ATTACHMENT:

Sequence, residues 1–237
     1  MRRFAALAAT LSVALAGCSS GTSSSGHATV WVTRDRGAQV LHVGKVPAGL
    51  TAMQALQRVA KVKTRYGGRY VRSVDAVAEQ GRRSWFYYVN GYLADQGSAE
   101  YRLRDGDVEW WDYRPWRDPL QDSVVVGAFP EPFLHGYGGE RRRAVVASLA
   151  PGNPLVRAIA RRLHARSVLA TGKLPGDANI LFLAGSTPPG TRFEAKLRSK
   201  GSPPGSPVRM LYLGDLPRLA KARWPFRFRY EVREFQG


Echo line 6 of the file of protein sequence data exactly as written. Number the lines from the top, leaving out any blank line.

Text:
   201  GSPPGSPVRM LYLGDLPRLA KARWPFRFRY EVREFQG